Had I the heaven’s embroidered cloths,
Enwrought with golden and silver light,
The blue and the dim and the dark cloths
Of night and light and the half-light;
I would spread the cloths under your feet:
But I, being poor, have only my dreams;
I have spread my dreams under your feet;
Tread softly because you tread on my dreams.

Posted in Pedagogy, Professional Learning

50 Ted Talks every educator should check out (2014 Edition)

Over the holidays is a great chance to take some time to relax but also check out some of these Ted Talks. Compiled from Open Colleges here are 50 Ted Talks every educator should check out

These are the best TED Talks for any educator because they make us laugh, warm our hearts, break down barriers, and always inspire us to dig a little deeper and push a little harder.

I am adding another to the list – ‘Larry Lessig says the law is strangling creativity’. Be prepared for a big laugh at the end as some of user generated content.

Posted in Curriculum, Digital Learning, Digital Technologies, Pedagogy

Online story creation tool

PBS presents a really engaging writers studio for students. cwIt features a really simple sign in process which collects NO personal information about students. They create a non identifying login and a simple password is set up for them. They get to select some support questions eg favourite food, animal and colour? and get to use the great tools to create exciting books online.   Teachers do need to check that they are not posting their personal information in the book. http://pbskids.org/writerscontest/create-stories

Posted in Student activities

Design Squad – Creative activities for the holidays

The Design Squad site targets kids ages 8 and older and features creative activities,  DSvideo, interactive games, and contests. The goal is to give kids a stronger understanding of the design process, and the connection between engineering and the things we all use in everyday life.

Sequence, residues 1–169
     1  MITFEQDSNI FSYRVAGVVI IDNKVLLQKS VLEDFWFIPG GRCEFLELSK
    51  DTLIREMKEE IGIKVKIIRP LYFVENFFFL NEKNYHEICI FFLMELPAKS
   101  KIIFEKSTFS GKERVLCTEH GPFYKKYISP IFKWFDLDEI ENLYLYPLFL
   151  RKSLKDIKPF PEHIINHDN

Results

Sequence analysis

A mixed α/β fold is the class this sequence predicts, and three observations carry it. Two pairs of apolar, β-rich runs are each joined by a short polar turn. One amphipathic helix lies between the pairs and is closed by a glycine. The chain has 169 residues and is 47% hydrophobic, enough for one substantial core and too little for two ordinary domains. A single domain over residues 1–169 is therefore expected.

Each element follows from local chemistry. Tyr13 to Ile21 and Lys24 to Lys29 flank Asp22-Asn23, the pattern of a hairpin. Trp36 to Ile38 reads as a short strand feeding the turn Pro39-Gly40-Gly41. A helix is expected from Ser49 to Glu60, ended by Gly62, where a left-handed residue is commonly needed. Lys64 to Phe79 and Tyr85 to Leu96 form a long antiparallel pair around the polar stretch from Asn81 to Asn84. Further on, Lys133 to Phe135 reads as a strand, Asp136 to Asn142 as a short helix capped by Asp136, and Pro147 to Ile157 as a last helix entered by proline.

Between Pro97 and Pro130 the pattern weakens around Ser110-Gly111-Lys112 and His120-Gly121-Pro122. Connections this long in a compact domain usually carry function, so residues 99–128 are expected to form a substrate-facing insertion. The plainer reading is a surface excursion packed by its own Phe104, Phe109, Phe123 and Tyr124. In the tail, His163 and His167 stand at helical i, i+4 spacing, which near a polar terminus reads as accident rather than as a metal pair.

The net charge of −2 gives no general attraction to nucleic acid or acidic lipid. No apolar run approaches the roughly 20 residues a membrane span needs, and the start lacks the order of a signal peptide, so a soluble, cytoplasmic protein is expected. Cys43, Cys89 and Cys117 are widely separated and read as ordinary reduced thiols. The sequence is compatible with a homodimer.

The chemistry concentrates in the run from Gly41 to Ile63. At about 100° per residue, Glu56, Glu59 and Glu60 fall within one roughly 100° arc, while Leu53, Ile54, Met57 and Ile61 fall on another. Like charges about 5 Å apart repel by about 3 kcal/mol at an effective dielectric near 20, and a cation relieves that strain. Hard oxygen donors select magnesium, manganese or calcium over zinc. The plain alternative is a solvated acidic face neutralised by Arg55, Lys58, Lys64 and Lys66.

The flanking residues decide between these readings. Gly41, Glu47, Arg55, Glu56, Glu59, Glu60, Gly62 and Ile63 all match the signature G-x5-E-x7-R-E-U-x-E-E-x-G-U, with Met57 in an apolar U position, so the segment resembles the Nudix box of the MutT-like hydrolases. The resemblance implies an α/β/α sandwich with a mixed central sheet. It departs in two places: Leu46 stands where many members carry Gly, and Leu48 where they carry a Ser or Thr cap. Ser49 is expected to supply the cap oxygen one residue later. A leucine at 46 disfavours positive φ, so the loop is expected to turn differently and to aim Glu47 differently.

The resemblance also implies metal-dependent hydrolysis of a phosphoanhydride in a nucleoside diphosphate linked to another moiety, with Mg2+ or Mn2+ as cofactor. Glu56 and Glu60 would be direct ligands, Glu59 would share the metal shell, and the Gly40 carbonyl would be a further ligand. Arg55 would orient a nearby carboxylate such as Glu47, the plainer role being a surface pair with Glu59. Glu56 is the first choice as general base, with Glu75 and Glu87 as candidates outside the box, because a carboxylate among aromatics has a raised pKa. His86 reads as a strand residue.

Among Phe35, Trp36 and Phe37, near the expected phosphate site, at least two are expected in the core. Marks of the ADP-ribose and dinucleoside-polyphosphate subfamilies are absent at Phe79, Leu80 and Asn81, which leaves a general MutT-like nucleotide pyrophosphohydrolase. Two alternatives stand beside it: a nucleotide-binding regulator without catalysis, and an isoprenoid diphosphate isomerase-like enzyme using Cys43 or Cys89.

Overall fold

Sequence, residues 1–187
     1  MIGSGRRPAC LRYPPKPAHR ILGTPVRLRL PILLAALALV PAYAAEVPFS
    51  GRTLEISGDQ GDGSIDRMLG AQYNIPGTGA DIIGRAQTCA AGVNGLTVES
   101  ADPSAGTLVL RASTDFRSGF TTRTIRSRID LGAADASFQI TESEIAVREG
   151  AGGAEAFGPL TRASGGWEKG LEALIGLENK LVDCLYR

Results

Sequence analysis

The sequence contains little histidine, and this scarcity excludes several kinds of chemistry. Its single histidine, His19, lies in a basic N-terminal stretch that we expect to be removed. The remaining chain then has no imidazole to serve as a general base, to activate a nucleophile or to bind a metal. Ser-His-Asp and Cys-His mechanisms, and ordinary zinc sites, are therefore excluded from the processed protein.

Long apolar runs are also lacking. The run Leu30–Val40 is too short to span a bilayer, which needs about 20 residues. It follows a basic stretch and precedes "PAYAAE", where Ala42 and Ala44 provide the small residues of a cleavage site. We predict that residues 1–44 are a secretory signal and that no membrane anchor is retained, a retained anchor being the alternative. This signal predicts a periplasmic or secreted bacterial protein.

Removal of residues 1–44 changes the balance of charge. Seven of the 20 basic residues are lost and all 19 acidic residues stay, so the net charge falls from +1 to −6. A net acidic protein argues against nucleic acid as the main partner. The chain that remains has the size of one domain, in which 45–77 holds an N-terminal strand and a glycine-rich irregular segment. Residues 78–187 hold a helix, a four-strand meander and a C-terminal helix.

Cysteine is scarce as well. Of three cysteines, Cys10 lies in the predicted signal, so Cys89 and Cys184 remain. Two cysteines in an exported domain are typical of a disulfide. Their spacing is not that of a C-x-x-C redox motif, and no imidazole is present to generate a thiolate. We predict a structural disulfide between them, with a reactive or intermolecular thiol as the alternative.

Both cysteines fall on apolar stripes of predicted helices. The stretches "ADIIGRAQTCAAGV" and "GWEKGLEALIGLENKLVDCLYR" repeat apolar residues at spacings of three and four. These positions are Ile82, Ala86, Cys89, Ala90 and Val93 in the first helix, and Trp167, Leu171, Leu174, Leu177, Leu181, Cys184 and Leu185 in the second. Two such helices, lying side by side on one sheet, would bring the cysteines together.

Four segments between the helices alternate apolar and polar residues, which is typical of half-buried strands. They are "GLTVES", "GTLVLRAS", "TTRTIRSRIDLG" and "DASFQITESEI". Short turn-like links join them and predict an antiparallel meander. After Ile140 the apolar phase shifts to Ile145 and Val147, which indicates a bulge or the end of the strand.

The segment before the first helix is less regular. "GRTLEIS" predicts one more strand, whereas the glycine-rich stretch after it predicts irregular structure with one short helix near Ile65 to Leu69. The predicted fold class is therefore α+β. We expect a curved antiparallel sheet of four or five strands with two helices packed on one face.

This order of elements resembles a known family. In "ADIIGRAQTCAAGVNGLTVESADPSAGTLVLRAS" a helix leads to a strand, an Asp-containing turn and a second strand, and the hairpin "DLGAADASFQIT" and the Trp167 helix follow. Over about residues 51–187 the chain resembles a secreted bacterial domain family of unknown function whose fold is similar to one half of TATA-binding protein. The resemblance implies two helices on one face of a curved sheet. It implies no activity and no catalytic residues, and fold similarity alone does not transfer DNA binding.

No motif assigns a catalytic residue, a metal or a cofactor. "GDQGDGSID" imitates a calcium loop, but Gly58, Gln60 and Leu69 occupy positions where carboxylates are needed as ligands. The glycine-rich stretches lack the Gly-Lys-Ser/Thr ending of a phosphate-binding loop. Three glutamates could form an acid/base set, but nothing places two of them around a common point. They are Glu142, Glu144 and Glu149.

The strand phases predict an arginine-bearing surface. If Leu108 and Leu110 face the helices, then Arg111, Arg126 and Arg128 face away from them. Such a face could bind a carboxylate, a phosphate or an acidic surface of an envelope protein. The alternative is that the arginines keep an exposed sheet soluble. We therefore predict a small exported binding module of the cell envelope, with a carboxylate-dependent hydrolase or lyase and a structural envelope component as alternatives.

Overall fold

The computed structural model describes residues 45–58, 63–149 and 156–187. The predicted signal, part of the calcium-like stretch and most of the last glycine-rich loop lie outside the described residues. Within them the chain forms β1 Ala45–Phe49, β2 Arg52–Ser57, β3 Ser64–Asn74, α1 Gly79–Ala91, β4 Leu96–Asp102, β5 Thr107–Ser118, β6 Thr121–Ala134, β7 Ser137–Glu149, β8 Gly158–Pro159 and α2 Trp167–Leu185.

A great site for the holidays   See what you can build

Posted in Challenge, Class Activities, Student activities

Finland schools: Subjects scrapped and replaced with topics

Finland schools: Subjects scrapped and replaced with ‘topics’ as country reforms its education system

Marjo Kyllonen, Helsinki’s education manager – who will be presenting her blueprint for change to the council at the end of this month, said: “It is not only Helsinki but the whole of Finland who will be embracing change.

“We really need a rethinking of education and a redesigning of our system, so it prepares our children for the future with the skills that are needed for today and tomorrow.

Pupils at Siltamaki primary school perform a rap as part of their cross-subject learning (Jussi Helttunen)
“There are schools that are teaching in the old fashioned way which was of benefit in the beginnings of the 1900s – but the needs are not the same and we need something fit for the 21st century.” Read RICHARD GARNER‘s UK Independent article  here 

Posted in Curriculum, Health Education, History, Literacy, LOTE, Mathematics, music, Reading, Science

18 ways to use a single iPad in the music classroom

Even if you have only one iPad there are still lots of ways you can use it with your students, especially if you can plug it into a data projector and speakers. Midnight Music have presented 18 practical ideas for teachers. Go to teh link for the full list of ideas. Many of these ideas are also great for students to drive themselves or to work in small groups. 

1. Practice note names

Use an app like Staff Wars, Flashnote Derby or Noteworks – which all work in a similar way – to teach students on notes of the staff. To ensure your whole class is involved, you can make note identification into a game:

Connect your iPad to the data projector and fire up the app. You are the one to operate the app and start the note identification game. As notes appear on the screen, students can write down the note names on a piece of paper. You can secretly identify the note correctly, leaving it as late as possible so students have the maximum time to come up with an answer. You’ll also need to make a note of the correct answers as you go! At the end, students can correct their answers. This would work well as a team game.

2. Practice sight-reading rhythms

With your iPad connected to the data projector, start up one of the levels in the Rhythm Cat app (or something similar). The rhythm that appears on the screen can be played by the class as a group – using body percussion or classroom instruments. Students (or you the teacher) can tap the rhythm on the screen of the iPad.

3. The funky metronome

Set up a drum pattern in GarageBand (use the Smartdrums to generate a quick rhythm), Drumjam or DM1 in a style of your choosing. Use the drum pattern to accompany class ensemble arrangements, or scales in band/orchestra/choir rehearsal. Much more interesting than a plain old metronome!

Check out the full 18 ideas 

 

Posted in Class Activities, music